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flint city council

Flint city council President Kerry Nelson addresses the board overseeing Flint's transition out of receivership.
steve carmody / Michigan Radio

The panel in charge of Flint’s exit from state oversight says the city council isn't ready yet.

The Receivership Transition Advisory Board has extended the end of council’s probation period from October to December.

The board cites the council’s ongoing conflict with Flint’s mayor over a trash collection contract.

Tracy Samilton/Michigan Radio

Flint Mayor Karen Weaver and City Council members have called a truce in the city's trash war.

The two sides are fighting over which company gets a contract to pick up residents' trash. Weaver favors Rizzo Environmental Services; City Council favors the current contractor, Republic Services.

Weaver and the council agreed to a stipulated order allowing Republic to temporarily resume trash pickup until a court hearing on August 11.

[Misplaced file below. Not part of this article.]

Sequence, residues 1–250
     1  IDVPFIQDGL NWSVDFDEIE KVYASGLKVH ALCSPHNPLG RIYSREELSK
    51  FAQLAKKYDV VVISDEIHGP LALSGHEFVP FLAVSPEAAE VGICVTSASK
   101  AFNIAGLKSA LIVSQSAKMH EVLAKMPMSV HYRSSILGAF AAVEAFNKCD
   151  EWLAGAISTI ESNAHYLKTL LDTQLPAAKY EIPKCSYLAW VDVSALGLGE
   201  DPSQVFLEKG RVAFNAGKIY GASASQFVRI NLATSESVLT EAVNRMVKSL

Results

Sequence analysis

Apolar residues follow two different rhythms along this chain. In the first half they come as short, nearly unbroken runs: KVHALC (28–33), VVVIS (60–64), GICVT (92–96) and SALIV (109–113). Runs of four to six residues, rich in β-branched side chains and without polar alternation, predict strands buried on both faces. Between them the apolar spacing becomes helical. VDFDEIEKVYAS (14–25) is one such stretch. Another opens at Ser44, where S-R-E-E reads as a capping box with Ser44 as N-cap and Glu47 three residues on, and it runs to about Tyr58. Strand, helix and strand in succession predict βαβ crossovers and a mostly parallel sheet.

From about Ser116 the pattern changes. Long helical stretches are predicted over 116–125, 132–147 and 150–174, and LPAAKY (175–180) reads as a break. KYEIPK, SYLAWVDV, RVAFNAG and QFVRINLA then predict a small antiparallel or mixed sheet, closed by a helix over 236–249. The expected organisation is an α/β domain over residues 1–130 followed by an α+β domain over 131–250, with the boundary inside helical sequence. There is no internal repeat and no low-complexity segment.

Steve Carmody / Michigan Radio

Update: 5:15 pm Monday, August 1st:

On Monday, city officials reached an interim agreement with Republic to resume trash pickup, starting August 2. The arrangement will remain in place until August 12. Officials say trash collection will be delayed by one day for the rest of this week; it should be back on schedule by the start of next week.

A meeting of the Receivership Transition Advisory Board (RTAB) is scheduled for August 10th to decide who will perform trash pickups permanently.

Sunday July 31st:

Steve Carmody / Michigan Radio

A state oversight board is giving the Flint City Council its power back.

The council’s powers have been limited since the Gov. Rick Snyder appointed an emergency manager to run Flint back in 2011. For much of the past four years, the nine City Council members have had little real authority at City Hall.

But today, the Receivership Transition Advisory Board repealed order  No. 3, which reinstates the powers afforded to the City Council by Flint’s city charter.

Council President Kerry Nelson says the board can now be an equal partner with the mayor at City Hall.

Steve Carmody / Michigan Radio

A divided Flint city council approved Mayor Karen Weaver’s picks for the city’s new police and fire chiefs during a raucous meeting tonight. 

Earlier this month, Weaver fired the city’s police and fire chiefs, who were both hired by the city’s former emergency managers.